- Sweet, dry
Equivalent terms for the basic adjectives amai (甘い, sweet,) and karai (辛い, dry; the character 口 meaning mouth). The sweet taste of sake is largely derived from the glucose component of its extract content. The primary processes in the fermentation of sake moromi are the creation of glucose from rice starch by the action of koji-derived enzymes, and the conversion of that glucose to alcohol by yeast. Sake containing a large quantity of unconverted glucose is sweet, whereas that in which the yeast has consumed large quantities of glucose, leaving little behind, becomes dry.
However, between the time of pressing and pasteurization (hi-ire), the amount of glucose can increase due to the breakdown of disaccharides, polysaccharides and dextrin, so its content can change according to the timing of pasteurization. Moreover, sake with identical glucose content tastes less sweet the greater its organic acid content, so it is not possible to judge how sweet or dry a sake is by glucose content alone.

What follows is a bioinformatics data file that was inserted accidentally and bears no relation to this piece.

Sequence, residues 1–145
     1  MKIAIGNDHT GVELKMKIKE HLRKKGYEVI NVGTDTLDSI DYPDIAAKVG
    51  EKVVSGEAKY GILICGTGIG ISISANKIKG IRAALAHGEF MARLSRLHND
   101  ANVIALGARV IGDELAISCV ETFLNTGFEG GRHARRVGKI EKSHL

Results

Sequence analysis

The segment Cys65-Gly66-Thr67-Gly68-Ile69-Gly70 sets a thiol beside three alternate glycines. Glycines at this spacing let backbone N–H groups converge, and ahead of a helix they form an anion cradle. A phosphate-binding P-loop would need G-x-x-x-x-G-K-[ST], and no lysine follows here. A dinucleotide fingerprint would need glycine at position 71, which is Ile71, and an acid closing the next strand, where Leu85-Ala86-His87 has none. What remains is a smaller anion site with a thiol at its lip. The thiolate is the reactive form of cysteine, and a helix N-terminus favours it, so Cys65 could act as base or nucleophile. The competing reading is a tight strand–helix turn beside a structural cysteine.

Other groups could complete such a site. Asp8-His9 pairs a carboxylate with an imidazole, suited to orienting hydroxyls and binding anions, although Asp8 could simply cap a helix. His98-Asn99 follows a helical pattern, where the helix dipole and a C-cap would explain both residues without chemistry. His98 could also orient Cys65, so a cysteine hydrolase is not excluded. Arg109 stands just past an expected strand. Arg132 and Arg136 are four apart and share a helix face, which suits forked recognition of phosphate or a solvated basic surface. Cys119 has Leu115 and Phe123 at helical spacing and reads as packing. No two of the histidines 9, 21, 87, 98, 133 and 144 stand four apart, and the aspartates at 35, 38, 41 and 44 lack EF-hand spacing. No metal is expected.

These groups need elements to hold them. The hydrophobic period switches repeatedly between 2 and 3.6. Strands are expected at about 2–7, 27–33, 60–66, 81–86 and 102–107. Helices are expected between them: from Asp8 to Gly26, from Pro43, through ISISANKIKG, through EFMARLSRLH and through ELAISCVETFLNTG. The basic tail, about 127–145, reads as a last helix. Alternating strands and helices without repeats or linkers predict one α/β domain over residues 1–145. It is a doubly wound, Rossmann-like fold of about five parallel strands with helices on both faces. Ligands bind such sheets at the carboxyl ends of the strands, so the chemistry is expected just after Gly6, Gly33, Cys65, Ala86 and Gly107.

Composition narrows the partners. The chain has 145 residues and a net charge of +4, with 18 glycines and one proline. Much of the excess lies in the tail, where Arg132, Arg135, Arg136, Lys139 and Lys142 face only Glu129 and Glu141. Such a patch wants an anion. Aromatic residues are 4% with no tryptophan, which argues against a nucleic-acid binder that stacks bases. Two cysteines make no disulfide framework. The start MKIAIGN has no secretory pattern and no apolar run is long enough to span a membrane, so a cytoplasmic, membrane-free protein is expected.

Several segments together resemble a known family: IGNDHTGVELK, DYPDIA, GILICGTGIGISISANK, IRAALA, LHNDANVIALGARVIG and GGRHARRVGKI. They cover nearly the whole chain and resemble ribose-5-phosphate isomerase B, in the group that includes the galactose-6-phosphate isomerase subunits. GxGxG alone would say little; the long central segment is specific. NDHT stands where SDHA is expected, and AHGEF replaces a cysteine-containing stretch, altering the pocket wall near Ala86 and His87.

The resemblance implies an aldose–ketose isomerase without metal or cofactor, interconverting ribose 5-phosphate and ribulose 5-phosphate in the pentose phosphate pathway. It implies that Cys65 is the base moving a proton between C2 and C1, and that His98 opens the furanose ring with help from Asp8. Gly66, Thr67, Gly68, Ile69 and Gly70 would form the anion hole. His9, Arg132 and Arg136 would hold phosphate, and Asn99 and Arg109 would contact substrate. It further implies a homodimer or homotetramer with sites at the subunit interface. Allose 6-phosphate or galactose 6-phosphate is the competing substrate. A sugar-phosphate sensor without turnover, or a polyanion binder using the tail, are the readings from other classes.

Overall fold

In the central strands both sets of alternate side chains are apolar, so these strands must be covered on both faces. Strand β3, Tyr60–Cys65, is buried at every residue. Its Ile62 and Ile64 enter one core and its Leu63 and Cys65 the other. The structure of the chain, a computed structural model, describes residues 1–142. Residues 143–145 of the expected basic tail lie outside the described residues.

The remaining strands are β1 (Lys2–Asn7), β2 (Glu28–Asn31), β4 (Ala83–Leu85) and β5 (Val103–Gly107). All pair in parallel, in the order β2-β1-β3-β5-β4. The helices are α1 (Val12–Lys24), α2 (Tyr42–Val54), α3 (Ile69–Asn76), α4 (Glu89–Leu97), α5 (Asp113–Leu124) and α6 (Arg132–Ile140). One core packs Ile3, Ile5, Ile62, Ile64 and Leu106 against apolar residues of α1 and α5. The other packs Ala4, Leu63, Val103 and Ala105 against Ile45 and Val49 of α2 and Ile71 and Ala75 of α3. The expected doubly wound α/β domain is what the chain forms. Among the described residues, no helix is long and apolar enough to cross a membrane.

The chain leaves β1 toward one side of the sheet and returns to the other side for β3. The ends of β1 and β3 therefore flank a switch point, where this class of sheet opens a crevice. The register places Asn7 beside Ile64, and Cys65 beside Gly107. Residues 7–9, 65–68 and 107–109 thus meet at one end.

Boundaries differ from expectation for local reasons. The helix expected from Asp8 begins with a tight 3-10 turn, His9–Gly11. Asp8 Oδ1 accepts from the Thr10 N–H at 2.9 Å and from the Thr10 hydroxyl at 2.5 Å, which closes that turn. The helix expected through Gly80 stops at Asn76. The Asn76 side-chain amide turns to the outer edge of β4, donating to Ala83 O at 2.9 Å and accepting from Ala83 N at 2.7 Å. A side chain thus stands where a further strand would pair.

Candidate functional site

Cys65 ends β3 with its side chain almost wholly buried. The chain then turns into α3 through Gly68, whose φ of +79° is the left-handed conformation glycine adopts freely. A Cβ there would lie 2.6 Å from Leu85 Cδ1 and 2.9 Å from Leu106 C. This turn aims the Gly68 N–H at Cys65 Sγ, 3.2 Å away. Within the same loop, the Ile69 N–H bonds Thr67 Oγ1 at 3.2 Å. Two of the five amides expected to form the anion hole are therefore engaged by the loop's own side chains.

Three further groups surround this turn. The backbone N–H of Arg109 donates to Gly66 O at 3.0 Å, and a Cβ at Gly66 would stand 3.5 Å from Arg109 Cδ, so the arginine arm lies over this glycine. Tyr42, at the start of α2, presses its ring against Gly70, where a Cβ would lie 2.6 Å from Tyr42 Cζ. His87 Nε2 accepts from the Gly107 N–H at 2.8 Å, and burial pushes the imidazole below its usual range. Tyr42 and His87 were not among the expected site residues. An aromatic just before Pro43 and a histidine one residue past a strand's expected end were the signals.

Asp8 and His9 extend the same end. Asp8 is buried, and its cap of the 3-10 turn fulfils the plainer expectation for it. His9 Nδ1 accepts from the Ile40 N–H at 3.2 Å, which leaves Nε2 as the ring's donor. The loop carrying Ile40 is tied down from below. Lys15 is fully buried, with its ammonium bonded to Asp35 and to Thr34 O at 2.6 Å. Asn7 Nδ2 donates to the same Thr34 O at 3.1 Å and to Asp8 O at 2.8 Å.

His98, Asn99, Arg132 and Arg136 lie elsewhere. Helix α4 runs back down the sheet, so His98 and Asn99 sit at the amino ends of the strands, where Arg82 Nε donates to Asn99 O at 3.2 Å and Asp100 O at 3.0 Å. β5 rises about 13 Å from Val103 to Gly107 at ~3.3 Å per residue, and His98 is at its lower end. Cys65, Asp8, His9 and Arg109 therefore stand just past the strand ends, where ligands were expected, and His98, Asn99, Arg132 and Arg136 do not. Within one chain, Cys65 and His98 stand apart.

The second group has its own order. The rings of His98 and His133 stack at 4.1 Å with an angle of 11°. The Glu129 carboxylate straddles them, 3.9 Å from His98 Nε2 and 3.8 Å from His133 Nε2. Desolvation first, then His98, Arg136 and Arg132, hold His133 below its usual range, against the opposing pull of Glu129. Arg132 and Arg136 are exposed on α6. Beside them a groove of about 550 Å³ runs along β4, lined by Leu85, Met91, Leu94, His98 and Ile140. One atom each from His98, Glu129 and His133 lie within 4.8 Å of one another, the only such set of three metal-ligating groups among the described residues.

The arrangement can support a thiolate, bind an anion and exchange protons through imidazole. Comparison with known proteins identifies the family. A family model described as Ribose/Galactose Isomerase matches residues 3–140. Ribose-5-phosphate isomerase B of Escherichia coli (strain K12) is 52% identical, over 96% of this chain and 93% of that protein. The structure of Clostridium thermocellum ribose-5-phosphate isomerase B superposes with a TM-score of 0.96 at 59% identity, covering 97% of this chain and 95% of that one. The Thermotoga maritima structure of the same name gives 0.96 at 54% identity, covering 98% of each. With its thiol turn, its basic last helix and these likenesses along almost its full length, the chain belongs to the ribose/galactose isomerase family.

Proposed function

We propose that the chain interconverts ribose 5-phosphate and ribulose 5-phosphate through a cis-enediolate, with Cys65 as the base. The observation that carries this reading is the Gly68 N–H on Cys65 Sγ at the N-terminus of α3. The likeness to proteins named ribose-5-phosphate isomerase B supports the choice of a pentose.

Recently a new scale for measuring sweet and dry (the shin amakara-do(新甘辛度, “new amakara scale”), based on the percentage of glucose and the acidity (san-do) in millilitres, has been developed. The glucose concentration and acidity are calculated at two decimal places (rounded up), and the resulting values expressed as follows.
Dry: shin amakarado ≦0.2
Slightly dry: 0.3≦ shin amakarado ≦1.0
Slightly sweet: 1.1≦ shin amakarado ≦1.8
Sweet: 1.9≦ shin amakarado